OUR government will ban foreign ownership of land, according to President Jacob Zuma’s state of the nation address. A real puzzle is why they have waited so long. And why will the policy not apply to everything governed by the same principle — that increased foreign demand inflates local prices at our expense?
Take our mines, for instance. If foreigners are allowed to own mines, competition for our minerals increases the price at which we can mine them. It makes no sense that we nationalised mineral rights, and then hand them back to foreign mining houses, especially our companies that emigrated with ill-gotten loot to foreign stock exchanges. The government should ban foreign buying of shares on our stock exchange. As with our land, foreign buyers inflate the price we must pay for our own shares. Without neo-colonial investors our shares would be cheaper and, broadly speaking, broaden broad-based empowerment.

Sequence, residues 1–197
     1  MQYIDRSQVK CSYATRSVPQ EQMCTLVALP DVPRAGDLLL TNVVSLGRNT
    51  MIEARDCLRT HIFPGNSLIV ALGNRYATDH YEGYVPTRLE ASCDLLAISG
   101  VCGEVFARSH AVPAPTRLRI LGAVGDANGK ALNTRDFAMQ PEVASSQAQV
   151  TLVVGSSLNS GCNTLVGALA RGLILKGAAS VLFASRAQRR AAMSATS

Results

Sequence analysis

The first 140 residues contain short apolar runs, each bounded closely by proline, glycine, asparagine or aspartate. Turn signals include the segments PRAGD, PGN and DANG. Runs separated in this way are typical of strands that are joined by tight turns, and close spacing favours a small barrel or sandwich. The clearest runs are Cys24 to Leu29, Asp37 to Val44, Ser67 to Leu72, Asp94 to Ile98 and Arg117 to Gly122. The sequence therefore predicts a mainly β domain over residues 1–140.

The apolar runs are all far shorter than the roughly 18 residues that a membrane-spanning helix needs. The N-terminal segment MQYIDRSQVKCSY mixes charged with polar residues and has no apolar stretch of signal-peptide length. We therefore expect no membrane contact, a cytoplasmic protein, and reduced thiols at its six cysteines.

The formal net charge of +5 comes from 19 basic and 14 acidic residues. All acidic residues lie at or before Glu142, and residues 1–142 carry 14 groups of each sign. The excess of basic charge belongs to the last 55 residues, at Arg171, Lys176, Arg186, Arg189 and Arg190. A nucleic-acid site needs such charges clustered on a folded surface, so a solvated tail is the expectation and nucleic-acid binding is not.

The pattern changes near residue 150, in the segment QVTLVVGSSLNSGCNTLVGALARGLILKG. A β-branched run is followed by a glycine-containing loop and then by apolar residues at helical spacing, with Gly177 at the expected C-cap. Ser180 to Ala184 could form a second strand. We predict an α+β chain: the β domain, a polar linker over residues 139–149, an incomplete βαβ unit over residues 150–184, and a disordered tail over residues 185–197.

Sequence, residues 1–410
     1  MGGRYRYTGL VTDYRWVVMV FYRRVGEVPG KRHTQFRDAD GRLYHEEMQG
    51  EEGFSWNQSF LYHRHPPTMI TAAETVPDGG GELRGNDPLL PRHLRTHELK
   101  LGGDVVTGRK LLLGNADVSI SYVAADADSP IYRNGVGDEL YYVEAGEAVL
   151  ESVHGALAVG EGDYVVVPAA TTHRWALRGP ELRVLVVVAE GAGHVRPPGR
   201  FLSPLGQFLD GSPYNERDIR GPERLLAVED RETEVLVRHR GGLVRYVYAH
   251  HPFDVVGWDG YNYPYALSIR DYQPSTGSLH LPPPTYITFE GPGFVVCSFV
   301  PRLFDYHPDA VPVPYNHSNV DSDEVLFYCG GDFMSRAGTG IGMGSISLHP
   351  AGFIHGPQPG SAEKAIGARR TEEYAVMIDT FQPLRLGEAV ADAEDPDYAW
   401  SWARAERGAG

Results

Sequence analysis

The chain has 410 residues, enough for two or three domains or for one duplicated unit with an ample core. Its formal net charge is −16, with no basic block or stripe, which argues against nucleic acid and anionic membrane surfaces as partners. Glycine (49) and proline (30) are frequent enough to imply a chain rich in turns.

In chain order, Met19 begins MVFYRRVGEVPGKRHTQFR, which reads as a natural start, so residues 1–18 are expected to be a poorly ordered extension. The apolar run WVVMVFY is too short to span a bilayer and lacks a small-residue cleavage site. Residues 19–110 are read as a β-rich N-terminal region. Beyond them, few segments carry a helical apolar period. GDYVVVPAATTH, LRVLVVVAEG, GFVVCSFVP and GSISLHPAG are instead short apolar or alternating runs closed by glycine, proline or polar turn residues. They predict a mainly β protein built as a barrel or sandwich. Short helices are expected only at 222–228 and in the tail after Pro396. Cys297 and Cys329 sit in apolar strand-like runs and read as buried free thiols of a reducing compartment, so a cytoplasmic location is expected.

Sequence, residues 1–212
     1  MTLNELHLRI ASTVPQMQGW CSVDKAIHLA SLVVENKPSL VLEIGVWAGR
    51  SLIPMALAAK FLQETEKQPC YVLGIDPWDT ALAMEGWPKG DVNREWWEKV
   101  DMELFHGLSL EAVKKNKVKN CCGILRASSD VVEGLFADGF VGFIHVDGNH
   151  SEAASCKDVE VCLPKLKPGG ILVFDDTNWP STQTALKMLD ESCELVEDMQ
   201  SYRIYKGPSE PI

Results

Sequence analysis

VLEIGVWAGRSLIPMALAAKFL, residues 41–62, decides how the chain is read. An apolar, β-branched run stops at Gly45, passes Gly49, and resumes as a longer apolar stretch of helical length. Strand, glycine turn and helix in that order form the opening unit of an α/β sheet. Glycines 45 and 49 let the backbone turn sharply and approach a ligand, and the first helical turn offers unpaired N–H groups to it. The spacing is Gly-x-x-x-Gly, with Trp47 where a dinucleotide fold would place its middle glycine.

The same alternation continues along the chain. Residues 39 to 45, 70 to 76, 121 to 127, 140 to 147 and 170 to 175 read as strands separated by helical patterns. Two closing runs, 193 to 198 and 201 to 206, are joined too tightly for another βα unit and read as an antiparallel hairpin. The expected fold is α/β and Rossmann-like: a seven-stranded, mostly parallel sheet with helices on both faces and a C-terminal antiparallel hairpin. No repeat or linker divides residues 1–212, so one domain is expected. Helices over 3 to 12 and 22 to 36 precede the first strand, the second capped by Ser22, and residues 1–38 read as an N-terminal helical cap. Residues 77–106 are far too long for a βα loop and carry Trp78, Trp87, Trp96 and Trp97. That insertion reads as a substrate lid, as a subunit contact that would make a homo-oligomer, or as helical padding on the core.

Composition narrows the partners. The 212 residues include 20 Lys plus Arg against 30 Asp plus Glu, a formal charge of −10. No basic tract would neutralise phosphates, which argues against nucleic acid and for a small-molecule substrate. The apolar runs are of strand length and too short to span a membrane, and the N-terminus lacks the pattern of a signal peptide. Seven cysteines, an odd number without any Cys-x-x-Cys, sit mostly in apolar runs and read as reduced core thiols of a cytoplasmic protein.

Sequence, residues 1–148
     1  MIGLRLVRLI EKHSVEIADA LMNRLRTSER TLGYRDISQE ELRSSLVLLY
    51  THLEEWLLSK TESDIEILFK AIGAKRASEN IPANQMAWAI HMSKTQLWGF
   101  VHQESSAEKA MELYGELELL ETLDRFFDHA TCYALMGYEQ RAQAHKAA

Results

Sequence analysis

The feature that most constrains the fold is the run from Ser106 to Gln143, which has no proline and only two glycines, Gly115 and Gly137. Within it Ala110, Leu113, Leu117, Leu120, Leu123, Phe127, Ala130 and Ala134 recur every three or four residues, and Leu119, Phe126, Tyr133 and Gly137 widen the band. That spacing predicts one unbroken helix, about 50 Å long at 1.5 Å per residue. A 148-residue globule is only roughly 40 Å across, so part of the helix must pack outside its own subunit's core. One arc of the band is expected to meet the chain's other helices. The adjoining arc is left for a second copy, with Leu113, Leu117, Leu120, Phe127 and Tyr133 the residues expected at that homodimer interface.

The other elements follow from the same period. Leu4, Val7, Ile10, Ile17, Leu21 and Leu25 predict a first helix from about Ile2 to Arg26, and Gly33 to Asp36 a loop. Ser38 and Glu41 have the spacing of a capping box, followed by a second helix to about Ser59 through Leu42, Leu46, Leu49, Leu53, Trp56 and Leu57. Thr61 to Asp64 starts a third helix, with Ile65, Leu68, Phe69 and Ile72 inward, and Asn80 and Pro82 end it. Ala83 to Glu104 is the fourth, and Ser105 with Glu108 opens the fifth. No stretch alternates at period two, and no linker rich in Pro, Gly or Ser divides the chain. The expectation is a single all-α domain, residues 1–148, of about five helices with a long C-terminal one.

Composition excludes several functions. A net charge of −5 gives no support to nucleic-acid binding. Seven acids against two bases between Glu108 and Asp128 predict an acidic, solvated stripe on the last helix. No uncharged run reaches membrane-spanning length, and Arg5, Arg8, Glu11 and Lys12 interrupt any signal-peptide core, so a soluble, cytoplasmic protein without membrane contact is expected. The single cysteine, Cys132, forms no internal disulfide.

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Leon Louw is the President of the Free Market Foundation.
Publish date: 04 March 2015
The views expressed in the article are the author’s and are not necessarily shared by the members of the Foundation.